I have high anxiety and I hate being alone

Rachel asks…

“I’m only a teen, and I talk to somebody about my anxiety issues. She said I have high anxiety, and I also have nightmares. I HATE being alone. Even in my own house. I’ve talked to my therapist about meditation, deep breathing exercises, and muscle relaxation. But when I get to sleep and wake up from one of these nightmares, it just makes me sweat and breathe faster and faster. Tips?”

Happy Guide includes relaxation and meditation as part of a complete health system that gets to the roots of nearly all our suffering. So please read Happy Guide¬†as your first step and you’ll see very clearly, the causes of health problems, what to do about it and most importantly… how to do it.

All problems have many factors, so you need to correct all factors to find the true cure and be happy and healthy. Happy Guide will show you what all these factors are and how to correct them.

Normally, I would say if you feel very anxious, the best remedy is to exercise. That’s because your body goes into a “flight or flight” state and so it basically prepares for exercise, to enable you to fight or run away, so it’s the perfect natural solution…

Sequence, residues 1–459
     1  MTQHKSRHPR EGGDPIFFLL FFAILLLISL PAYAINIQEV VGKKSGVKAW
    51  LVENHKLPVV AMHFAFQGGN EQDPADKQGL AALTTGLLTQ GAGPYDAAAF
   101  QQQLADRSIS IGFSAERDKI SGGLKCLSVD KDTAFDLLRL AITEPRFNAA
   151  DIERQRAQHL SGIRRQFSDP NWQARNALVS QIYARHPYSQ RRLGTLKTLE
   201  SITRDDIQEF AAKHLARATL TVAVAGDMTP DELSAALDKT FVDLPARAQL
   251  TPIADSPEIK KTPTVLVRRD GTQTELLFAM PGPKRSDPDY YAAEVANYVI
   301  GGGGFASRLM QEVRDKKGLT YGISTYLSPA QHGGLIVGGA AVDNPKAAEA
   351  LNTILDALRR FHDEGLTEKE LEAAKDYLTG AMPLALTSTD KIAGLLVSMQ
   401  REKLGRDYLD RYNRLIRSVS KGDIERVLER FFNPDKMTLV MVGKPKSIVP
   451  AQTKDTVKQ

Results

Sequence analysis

But if you wake from a nightmare, it’s not practical to exercise so in that case, you go immediately into the relaxation method, which takes attention away from worries, and away from giving the nightmare meaning and importance and right away to relaxation, the thing that will help you most. Breathing into a paper bag for say 30 seconds can help if you’re hyperventilating.

You also need to look at your fears with reason, logic, to see clearly that the fear is dysfunctional. Fear of being alone is quite natural in that we’re wired to be with others, especially if we sense danger. So this can start by having a fearful reaction to being alone and then giving it much more meaning than it deserves and so amplifying it and making it a much stronger reaction next time… and so it can build like that.